imprison in

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imprison someone in something

to lock someone up in something. The authorities imprisoned him in a separate cell. Bob imprisoned Timmy in the closet for an hour.
References in classic literature ?
I can't overcome my desire, but I hate it; it imprisons my spirit; I look forward to the time when I shall be free from all desire and can give myself without hindrance to my work.
We may think of one another now as dangerous fanatics or narrow bigots, with whom no truce is possible, from whom we shall only sever more and more to the end of our lives, whom it would be our respective duties to imprison or hang, if we had the power.
Those who have sufficient power usually imprison or put to death any one who tries to shake their faith in their own excellence or in that of the universe; it is for this reason that seditious libel and blasphemy have always been, and still are, criminal offences.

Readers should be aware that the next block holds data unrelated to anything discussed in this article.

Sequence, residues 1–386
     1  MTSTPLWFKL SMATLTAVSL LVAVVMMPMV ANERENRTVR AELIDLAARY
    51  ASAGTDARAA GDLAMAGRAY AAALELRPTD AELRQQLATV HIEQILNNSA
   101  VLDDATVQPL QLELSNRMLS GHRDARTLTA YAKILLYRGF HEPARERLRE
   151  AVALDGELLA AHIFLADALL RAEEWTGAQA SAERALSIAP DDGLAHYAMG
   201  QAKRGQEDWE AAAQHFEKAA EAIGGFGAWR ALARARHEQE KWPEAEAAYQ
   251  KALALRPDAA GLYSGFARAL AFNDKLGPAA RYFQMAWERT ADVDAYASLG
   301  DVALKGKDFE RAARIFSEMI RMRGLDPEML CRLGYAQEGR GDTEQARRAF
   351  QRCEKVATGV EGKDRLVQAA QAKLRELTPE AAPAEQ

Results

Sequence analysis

Who could wonder now at the brute-restlessness of the wretch's life--at his desperate alternations between abject duplicity and reckless violence--at the madness of guilty distrust which had made him imprison Anne Catherick in the Asylum, and had given him over to the vile conspiracy against his wife, on the bare suspicion that the one and the other knew his terrible secret?
Every now and then the Emperor imprisons a man who is suspected of the crime of being rich, and makes things so uncomfortable for him that he is forced to discover where he has hidden his money.
With the benefit of hindsight it is even more evil, that the international community has allowed Israel, to build a wall around the Gaza strip to imprison the people of Palestine.
Members of Parliament should imprison themselves inside Parliament until white smoke rises," he said.
We are living in an age when anti-state charges and 'terrorist' labels have become the preferred means that governments use to intimidate, detain, and imprison journalists," said CPJ Executive Director Joel Simon.
rainbowbrite I also live within the race boundaries, and please imprison me next year, in fact imprison me twice a year.
The government exploits the public's collective fear as an excuse to persecute and imprison Muslims, political dissidents, and gays and lesbians.
Second is In the Name of the Father, a film about a petty robber from Belfast named Gerry Conlon, whom the British implicate and imprison for an IRA bombing of a pub that kills several people.